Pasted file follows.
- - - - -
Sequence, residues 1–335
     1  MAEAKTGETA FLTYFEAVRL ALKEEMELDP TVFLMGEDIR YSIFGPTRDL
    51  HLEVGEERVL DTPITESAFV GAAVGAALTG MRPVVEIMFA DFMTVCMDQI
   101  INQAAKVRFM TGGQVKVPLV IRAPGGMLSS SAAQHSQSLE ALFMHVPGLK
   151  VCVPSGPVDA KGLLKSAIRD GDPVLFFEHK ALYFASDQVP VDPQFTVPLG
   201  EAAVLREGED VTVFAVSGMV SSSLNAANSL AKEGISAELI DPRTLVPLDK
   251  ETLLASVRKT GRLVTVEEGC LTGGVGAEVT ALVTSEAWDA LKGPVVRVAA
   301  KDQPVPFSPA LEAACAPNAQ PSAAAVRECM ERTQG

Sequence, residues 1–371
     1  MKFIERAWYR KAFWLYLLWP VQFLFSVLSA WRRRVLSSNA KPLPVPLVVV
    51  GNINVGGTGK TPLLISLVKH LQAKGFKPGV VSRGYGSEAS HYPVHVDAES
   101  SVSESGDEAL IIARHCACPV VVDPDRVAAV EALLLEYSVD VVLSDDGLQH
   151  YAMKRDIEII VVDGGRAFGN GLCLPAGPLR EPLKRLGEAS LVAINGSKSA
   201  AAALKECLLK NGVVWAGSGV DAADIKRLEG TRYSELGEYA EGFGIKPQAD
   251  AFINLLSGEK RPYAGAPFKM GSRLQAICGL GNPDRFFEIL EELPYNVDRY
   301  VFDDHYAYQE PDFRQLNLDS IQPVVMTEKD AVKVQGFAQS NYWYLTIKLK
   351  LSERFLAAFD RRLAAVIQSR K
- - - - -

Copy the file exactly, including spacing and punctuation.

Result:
Sequence, residues 1–335
     1  MAEAKTGETA FLTYFEAVRL ALKEEMELDP TVFLMGEDIR YSIFGPTRDL
    51  HLEVGEERVL DTPITESAFV GAAVGAALTG MRPVVEIMFA DFMTVCMDQI
   101  INQAAKVRFM TGGQVKVPLV IRAPGGMLSS SAAQHSQSLE ALFMHVPGLK
   151  VCVPSGPVDA KGLLKSAIRD GDPVLFFEHK ALYFASDQVP VDPQFTVPLG
   201  EAAVLREGED VTVFAVSGMV SSSLNAANSL AKEGISAELI DPRTLVPLDK
   251  ETLLASVRKT GRLVTVEEGC LTGGVGAEVT ALVTSEAWDA LKGPVVRVAA
   301  KDQPVPFSPA LEAACAPNAQ PSAAAVRECM ERTQG

Sequence, residues 1–371
     1  MKFIERAWYR KAFWLYLLWP VQFLFSVLSA WRRRVLSSNA KPLPVPLVVV
    51  GNINVGGTGK TPLLISLVKH LQAKGFKPGV VSRGYGSEAS HYPVHVDAES
   101  SVSESGDEAL IIARHCACPV VVDPDRVAAV EALLLEYSVD VVLSDDGLQH
   151  YAMKRDIEII VVDGGRAFGN GLCLPAGPLR EPLKRLGEAS LVAINGSKSA
   201  AAALKECLLK NGVVWAGSGV DAADIKRLEG TRYSELGEYA EGFGIKPQAD
   251  AFINLLSGEK RPYAGAPFKM GSRLQAICGL GNPDRFFEIL EELPYNVDRY
   301  VFDDHYAYQE PDFRQLNLDS IQPVVMTEKD AVKVQGFAQS NYWYLTIKLK
   351  LSERFLAAFD RRLAAVIQSR K